YouthZone column: YouthZone programming addresses emotional trauma
Discovering that a loved one is struggling with substance use, or abuse, regardless if they’re your child, has the potential to touch everyone involved — not just the addict. Often, the lines of support and enablement blur — understandably of course. No one wants to see someone they care for struggling, especially with something as debilitating, and unfortunately stigmatized, as addiction. For those struggling, taking personal responsibility, no matter the amount of pain or self-reflection necessary, is the only way to maintain a path of healing. For those on the other end, whether you’ve been lied to, stolen from, or are dealing with your own wake of emotions, please embrace that it isn’t your fault.
At YouthZone, we’ve integrated programming to address the core of addiction — emotional trauma — at its roots in early adolescence. By promoting healthy ways to cope with stress, or mental illness, such as talk therapy and drug/alcohol education group sessions, it’s our goal to end addiction in our community’s youth population.
Out of the 550 sampled YouthZone clients, 271 of them, which translates to 49.3 percent of clients, were referred to programming due to a drug or alcohol offense. In nearly half of these cases the client was younger than 16 years of age, which accounts for higher rates of addiction and lowered brain development. On average, thanks to the consistent support shown by our team of dedicated case managers, from intake to discharge, clients reduce their substance use by statistically significant levels in three out of the five categories measured. For those readers who may be questioning whether their child may be using, don’t hesitate to reach out — YouthZone is here to help.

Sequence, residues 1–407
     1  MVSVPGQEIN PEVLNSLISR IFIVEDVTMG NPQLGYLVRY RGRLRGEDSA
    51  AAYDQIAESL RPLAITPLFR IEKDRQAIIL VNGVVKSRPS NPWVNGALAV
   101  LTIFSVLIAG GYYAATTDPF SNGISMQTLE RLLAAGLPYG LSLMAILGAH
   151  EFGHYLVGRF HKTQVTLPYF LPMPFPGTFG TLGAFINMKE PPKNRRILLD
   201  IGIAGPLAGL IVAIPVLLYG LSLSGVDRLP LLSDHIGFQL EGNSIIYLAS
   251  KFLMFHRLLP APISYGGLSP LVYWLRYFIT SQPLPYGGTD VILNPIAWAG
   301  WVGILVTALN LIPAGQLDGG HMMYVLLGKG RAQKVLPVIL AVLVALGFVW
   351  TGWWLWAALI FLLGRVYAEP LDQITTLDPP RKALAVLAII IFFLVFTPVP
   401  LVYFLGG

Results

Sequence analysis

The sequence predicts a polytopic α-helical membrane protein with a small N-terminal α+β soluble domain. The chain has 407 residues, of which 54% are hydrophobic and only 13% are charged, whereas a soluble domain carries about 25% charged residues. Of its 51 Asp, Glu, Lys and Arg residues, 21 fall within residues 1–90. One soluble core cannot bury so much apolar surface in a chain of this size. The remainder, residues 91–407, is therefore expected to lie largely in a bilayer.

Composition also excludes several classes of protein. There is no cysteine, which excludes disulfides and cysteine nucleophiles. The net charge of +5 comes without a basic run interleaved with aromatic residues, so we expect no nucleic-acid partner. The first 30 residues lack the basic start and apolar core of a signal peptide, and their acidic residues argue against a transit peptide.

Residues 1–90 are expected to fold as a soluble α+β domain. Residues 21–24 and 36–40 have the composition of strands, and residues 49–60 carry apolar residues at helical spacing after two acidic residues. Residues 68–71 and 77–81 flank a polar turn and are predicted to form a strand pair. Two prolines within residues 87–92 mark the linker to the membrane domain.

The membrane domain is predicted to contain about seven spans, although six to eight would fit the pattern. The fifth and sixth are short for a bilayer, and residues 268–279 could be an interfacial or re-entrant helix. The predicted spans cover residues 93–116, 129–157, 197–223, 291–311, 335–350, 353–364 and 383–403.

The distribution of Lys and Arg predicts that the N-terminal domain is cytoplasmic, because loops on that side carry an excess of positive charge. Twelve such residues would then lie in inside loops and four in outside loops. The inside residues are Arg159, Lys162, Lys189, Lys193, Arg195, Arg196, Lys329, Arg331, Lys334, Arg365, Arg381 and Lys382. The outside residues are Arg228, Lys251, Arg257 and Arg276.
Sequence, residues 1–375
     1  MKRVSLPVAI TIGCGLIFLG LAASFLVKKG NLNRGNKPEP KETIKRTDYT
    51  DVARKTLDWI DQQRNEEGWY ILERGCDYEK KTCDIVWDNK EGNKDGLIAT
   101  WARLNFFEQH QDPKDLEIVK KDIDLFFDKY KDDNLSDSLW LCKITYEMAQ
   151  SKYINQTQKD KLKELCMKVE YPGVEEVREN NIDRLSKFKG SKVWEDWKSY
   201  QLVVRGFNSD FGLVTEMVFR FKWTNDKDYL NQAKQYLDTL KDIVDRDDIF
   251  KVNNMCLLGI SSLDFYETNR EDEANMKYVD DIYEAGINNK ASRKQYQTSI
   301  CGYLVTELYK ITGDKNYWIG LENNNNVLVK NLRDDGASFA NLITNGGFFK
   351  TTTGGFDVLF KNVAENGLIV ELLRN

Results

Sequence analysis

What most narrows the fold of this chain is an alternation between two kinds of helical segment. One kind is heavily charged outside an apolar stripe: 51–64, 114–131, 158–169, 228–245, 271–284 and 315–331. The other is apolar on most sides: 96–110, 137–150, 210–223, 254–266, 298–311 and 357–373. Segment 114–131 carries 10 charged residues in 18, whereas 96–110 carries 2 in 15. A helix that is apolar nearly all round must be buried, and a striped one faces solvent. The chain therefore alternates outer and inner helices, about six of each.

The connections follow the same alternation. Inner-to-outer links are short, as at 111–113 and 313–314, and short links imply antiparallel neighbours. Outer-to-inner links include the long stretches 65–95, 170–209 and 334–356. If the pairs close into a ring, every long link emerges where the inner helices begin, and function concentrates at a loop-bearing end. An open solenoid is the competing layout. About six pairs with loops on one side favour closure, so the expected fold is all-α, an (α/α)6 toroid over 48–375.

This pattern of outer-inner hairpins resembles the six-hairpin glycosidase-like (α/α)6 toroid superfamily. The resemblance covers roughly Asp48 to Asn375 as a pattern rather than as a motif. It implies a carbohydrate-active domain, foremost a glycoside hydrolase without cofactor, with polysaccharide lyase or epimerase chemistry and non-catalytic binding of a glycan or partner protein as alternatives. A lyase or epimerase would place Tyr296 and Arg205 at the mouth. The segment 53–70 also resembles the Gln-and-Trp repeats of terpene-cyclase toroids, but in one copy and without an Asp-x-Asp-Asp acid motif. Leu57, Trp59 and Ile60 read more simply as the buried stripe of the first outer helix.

If you would like to learn skills in addressing use — YouthZone, with support from Community Health Initiatives, will be hosting the High in Plain Sight: Drug and Alcohol Awareness Workshop from 8 a.m. to noon Monday, July 23, at Glenwood Springs High School. The presenter, Officer Jermaine Galloway, will discuss trends in youth drug culture and how you can intervene. This event is free, open only to adults, and breakfast will be provided.
Alexander Williard is YouthZone’s Communication Coordinator and a UWBB Vista volunteer.
Start a dialogue, stay on topic and be civil.
If you don't follow the rules, your comment may be deleted.
Commissioners join numerous other towns in passing tobacco 21 policies, but are cautious when it comes to other new nicotine regulations.